Image by Wortflow from Pixabay

Stories!

A most welcome initiative from Audible to help entertain cooped up kids of all ages.

Audible has released a whole bunch of audiobooks for kids and families absolutely free, called Stories.

There’s an extensive range of books for kids of all ages, from ‘Littlest Listeners’ to teens, and some excellent literary classics, too! 

What a fantastic opportunity for beating the lockdown blues! It’s great to see one of the big companies taking the initiative to offer something to help us all out by feeding our imaginations and entertaining our families. 

An Audible membership is not required, so anyone can use it.  As it is browser based, no credit card or personal information is needed to listen.  It works on phone, laptop and tablet.

Completely free #audiobooks for kids and families to #ListenTo while #stayinghome – fantastic! Thanks, @Audible!

A Punny Thing Happened In My History Class Today…

Image by Gerd Altmann from Pixabay

I’ve mentioned here before that I enjoy a good pun. Today, to my delight, one of my students came up with a pretty good one, so I responded in kind.

It happened in history, where my students were mapping the three arenas of WWII.

Student A: Syria. Sy-ri-a. *grins* Are you…syyyyyyrias? 
Me: Hey, I was just dam-ask in’…
Student B: That’s SO bad. 

Well, we laughed hard. And then student A explained it to the rest of the class, and they laughed too.

Poor Student B, though. As Student A explained, he put his head on the table and moaned, “It’s like having my dad in the room… twice!”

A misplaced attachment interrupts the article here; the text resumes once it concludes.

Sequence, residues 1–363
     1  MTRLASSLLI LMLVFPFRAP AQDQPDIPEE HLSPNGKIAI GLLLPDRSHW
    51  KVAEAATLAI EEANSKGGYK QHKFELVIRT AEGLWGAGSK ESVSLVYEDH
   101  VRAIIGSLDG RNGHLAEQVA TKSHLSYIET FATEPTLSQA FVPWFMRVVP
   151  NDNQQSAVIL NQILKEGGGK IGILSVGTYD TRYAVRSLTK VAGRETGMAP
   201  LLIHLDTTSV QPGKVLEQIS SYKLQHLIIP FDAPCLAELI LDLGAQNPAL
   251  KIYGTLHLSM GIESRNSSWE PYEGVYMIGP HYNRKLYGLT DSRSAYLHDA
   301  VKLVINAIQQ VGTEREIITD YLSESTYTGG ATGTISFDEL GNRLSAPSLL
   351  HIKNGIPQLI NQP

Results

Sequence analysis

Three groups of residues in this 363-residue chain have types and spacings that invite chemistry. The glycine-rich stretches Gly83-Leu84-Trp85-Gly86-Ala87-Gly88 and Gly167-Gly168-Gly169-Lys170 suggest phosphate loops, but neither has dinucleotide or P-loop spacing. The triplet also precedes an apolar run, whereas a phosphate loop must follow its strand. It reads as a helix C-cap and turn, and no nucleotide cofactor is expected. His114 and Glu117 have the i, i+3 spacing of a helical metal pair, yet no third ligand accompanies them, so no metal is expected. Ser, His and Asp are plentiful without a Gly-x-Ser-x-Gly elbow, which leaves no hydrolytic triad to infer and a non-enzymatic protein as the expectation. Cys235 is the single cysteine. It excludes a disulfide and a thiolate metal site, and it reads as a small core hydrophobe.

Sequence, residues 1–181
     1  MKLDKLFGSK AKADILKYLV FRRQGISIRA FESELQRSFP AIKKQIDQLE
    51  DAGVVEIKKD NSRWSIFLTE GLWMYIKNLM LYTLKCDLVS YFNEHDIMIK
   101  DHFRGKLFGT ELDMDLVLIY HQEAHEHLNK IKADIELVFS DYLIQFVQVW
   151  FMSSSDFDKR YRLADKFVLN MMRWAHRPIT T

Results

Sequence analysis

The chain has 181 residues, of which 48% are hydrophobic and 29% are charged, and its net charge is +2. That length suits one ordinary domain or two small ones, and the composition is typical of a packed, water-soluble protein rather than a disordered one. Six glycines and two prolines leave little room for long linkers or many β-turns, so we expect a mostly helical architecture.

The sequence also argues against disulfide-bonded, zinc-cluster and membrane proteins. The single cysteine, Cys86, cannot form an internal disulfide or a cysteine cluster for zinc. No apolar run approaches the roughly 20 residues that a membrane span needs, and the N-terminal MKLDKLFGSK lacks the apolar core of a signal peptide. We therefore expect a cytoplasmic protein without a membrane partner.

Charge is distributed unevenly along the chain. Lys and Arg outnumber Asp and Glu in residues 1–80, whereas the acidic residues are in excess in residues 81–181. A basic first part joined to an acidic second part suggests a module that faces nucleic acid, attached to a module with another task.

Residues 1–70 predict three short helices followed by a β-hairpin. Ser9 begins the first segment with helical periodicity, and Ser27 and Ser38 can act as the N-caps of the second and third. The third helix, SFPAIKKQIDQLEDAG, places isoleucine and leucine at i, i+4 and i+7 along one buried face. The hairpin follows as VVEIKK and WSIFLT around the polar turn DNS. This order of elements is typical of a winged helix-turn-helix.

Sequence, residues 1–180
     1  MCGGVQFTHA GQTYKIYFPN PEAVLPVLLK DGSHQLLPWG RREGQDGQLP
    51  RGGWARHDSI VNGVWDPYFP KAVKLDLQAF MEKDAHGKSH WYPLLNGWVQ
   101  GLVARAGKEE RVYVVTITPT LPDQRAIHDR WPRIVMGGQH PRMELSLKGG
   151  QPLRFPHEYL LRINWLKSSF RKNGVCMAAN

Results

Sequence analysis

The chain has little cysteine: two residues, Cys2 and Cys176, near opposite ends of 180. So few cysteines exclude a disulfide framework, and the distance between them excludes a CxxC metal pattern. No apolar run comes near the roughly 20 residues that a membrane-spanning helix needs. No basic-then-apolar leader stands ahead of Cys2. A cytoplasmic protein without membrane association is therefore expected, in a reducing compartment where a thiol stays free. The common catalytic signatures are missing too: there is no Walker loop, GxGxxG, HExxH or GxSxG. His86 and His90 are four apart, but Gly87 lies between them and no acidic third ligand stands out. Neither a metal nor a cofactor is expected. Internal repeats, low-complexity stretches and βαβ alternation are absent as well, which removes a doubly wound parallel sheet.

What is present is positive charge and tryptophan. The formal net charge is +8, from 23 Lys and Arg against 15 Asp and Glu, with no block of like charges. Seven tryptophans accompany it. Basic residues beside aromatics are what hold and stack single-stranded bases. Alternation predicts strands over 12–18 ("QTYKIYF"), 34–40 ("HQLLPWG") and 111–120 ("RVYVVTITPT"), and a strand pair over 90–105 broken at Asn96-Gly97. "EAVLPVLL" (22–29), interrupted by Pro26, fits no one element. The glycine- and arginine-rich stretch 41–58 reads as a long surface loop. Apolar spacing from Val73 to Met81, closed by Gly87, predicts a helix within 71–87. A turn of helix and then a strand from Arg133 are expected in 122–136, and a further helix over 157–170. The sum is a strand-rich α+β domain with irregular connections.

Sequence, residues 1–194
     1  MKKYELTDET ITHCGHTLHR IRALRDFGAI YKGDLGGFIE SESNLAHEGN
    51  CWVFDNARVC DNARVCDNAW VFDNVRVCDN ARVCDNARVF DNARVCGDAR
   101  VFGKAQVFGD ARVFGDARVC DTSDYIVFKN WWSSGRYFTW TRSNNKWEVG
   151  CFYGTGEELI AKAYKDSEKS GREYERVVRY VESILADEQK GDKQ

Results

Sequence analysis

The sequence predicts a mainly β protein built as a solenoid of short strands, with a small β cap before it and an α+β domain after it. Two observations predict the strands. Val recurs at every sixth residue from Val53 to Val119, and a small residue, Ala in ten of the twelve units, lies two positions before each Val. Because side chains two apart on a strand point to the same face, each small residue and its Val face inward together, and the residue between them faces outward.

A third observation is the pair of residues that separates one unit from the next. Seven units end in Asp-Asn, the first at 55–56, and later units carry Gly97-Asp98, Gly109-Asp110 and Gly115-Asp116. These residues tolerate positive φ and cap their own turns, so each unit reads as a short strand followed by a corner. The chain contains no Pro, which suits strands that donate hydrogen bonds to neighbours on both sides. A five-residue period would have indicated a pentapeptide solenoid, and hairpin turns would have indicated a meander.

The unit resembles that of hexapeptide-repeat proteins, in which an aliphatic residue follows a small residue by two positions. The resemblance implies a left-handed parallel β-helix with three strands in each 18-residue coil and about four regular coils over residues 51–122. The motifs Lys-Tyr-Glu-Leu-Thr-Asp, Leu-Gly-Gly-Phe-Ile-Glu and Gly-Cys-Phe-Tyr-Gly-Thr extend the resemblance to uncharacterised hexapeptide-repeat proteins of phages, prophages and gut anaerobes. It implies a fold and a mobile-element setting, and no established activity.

Still, it it wasn’t enough to stop him from piping up a little later.

Student B: Did you know that it wasn’t just Darwin, Broome got bombed too? 
Me: Yes, the Japanese swept right across north-west Australia…
Student A: Haha! That’s genius! 
Student B: No. NO. That’s awful! 
Me: I didn’t expect you to bristle like that. 
Student B: I’m leaving. *walks out of the room*
Student C: Where’s B? 
Me: *just as B is walking back in* I made a joke and he flew off the handle. 
Student B: No. *walks out again*

It was a fun moment which we all enjoyed, but it also made the facts the students were working with more memorable. Once we’d had a laugh, they all just kept on working.

Opportunities like that don’t happen all the time, but when they do, they are welcome.

Humour is such good medicine, and it makes excellent social glue. It was wonderful to be able to laugh together during a week when the world seems far more uncertain and a lot less enjoyable than it did a couple of weeks ago.